We’ve now talked about choosing two colour and three colour fabric combinations in Choosing Fabric Colours | Two & Three Colours, and looked at the basics of colour theory and using a colour wheel in Choosing Fabric Colours | The Basics. Now let’s focus on choosing four colour, five colour and more fabric combinations.
As you start to increase the number of colours in your patchwork project, the opportunities really increase (warms, cools, lights, darks, print textures etc.) however this means the balancing act gets a bit tricker too. I love quilts with lots of colours but getting the right mix can be harder as there are more elements to consider…but I think it’s worth the challenge. Let’s take a closer look at using the colour wheel to select some different four and five+ colour fabric combinations.
In a patchwork project, using four colours gives you the opportunity to vary the colours across your design meaning the same block can be repeated with different colour combinations which can really change the look of a quilt top. We’re getting into some more complicated sounding terms but they are just fancy words and it’s all about getting a good balance around the colour wheel.
Let’s look at some examples of four-colour combinations…
On the colour wheel, analogous colours appear next to each other. In this example I’m using blue-green, blue, blue-violet and violet.
Depending on which section on the colour wheel you choose your four colours you could end up with some very blended or very striking fabric combinations. By choosing the right shades and tints with each colour can help to blend from one colour to the next so the contrast isn’t too stark. However, if it is placed in a purposeful way a stark contrast can look really good…we’ll come back to this in the five+ colours section.
On the colour wheel, double complimentary colours are how they sound! Two sets of two colours that sit opposite each other. In this example I’m using violet, blue, yellow and orange. Violet & yellow are complimentary colours, and blue & orange are complimentary colours.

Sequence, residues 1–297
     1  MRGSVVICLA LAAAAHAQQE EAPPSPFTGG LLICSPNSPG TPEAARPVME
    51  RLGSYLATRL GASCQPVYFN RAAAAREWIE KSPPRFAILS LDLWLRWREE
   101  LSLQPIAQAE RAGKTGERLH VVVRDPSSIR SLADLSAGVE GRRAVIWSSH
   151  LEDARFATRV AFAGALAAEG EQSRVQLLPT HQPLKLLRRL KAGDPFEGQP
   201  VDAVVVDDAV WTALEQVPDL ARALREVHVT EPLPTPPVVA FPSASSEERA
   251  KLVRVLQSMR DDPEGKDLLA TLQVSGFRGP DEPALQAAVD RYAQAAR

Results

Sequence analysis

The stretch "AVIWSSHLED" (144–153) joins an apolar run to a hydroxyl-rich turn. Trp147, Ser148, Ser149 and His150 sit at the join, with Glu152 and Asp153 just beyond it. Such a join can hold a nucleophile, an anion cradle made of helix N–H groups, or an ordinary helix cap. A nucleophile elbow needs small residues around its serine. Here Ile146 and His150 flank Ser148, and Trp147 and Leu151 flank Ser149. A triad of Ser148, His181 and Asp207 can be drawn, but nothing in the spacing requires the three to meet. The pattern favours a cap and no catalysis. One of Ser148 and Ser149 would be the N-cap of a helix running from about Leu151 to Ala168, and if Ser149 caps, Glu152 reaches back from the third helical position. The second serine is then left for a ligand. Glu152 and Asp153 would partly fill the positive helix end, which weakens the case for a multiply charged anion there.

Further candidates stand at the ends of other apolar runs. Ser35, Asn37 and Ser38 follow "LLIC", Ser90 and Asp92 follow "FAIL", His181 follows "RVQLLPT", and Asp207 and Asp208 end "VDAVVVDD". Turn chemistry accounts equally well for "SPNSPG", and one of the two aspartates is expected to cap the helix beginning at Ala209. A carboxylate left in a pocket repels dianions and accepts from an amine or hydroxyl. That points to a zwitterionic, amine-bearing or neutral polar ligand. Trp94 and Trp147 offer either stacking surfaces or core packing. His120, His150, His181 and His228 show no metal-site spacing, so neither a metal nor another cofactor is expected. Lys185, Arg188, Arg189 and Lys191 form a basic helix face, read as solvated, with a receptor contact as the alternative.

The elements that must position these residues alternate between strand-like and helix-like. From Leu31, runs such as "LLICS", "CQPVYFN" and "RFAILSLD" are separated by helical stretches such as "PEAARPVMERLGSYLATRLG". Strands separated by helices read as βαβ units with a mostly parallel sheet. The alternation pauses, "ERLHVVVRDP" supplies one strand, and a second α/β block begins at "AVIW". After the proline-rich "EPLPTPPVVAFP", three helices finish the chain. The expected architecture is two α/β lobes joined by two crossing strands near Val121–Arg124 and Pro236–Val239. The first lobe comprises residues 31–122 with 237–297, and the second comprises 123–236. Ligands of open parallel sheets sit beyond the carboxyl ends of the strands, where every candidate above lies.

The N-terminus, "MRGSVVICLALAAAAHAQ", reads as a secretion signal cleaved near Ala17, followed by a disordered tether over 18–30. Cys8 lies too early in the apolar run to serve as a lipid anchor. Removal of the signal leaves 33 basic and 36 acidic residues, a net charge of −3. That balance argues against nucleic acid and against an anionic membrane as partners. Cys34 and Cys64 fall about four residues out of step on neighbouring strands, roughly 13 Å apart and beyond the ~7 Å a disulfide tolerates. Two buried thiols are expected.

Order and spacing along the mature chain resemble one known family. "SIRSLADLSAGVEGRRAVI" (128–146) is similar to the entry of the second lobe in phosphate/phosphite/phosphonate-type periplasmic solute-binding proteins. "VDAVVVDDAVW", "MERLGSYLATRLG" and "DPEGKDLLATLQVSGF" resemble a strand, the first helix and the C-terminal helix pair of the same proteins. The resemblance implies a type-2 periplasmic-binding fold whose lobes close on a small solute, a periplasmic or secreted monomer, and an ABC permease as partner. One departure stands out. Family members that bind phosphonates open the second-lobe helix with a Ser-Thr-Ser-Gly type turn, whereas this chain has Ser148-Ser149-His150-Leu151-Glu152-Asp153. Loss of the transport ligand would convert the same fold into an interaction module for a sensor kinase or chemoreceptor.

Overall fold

With this many colours a scrappy looking patchwork project starts to become possible, even if you are only using a few prints/solids within each colour.
On the colour wheel, tetrad square colours are similar to double complimentary. Two sets of two colours that sit opposite each other, but this time they are evenly spaced around the colour wheel. In this example I’m using blue, yellow-green, orange and red-violet. Blue & orange are complimentary colours, and yellow-green & red-violet are complimentary colours.
Personally I much prefer this combination to the double complimentary. That may be down to the specific fabrics I’ve chosen in each example or it’s just colours my brain fins more pleasing together; I think this shows how a lot of these decisions can be at least in part down to personal preferences and taste.
Five and six (or more!) colours gives a patchwork project a pretty broad selection of fabrics and that can be a lot to deal with, especially if you start adding variations of shades/tints and prints within these colours too. I don’t want to repeat myself too much as you could use a lot of the colour combinations we talked about in the four-colour section for five and more colours. Here are a few options you could look at:
- Monochrome – use lots of different shades from the same colour
- Complimentary colours – work with pairs of complimentary, you might need to experiment to little to get the balance right but this can give a lovely, colourful look
- Adding neutrals – choose four stronger colours and add some neutrals to increase the variety
- Rainbow – there are seven colours in the rainbow which is a really big range of colour but, of course, we know that a rainbow works; you can play about with the look that rainbow colour choices give you by using only pastel rainbow colours (the “tint” versions with white added into the original colours) for example
- Analogous (again!) – just add in another colour or two from next to each other around the wheel. I did say in the four-colour section that I’d come back to how to place analogous colours in your patchwork design if you have one colour that feels like more of a stark contrast compared to the rest in your selection so check out some of my real-life quilt examples below.
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